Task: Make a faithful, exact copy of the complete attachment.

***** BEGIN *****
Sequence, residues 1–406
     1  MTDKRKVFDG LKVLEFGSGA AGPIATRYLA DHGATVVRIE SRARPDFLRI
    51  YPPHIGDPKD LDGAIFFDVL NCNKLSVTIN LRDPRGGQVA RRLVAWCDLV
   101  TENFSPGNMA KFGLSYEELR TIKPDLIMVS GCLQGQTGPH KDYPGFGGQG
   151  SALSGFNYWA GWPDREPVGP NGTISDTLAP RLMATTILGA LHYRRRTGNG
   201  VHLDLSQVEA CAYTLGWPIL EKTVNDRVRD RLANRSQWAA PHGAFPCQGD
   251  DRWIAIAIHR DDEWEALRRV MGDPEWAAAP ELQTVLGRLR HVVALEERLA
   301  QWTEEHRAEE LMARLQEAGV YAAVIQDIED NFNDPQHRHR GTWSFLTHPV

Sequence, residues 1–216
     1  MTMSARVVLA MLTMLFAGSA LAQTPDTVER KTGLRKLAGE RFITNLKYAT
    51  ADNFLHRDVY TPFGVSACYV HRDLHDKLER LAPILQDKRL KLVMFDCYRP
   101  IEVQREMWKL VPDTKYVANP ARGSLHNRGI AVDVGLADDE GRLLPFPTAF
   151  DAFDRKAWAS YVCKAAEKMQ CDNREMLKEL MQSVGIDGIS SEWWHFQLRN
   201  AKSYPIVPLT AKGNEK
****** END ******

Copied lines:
Sequence, residues 1–406
     1  MTDKRKVFDG LKVLEFGSGA AGPIATRYLA DHGATVVRIE SRARPDFLRI
    51  YPPHIGDPKD LDGAIFFDVL NCNKLSVTIN LRDPRGGQVA RRLVAWCDLV
   101  TENFSPGNMA KFGLSYEELR TIKPDLIMVS GCLQGQTGPH KDYPGFGGQG
   151  SALSGFNYWA GWPDREPVGP NGTISDTLAP RLMATTILGA LHYRRRTGNG
   201  VHLDLSQVEA CAYTLGWPIL EKTVNDRVRD RLANRSQWAA PHGAFPCQGD
   251  DRWIAIAIHR DDEWEALRRV MGDPEWAAAP ELQTVLGRLR HVVALEERLA
   301  QWTEEHRAEE LMARLQEAGV YAAVIQDIED NFNDPQHRHR GTWSFLTHPV

Sequence, residues 1–216
     1  MTMSARVVLA MLTMLFAGSA LAQTPDTVER KTGLRKLAGE RFITNLKYAT
    51  ADNFLHRDVY TPFGVSACYV HRDLHDKLER LAPILQDKRL KLVMFDCYRP
   101  IEVQREMWKL VPDTKYVANP ARGSLHNRGI AVDVGLADDE GRLLPFPTAF
   151  DAFDRKAWAS YVCKAAEKMQ CDNREMLKEL MQSVGIDGIS SEWWHFQLRN
   201  AKSYPIVPLT AKGNEK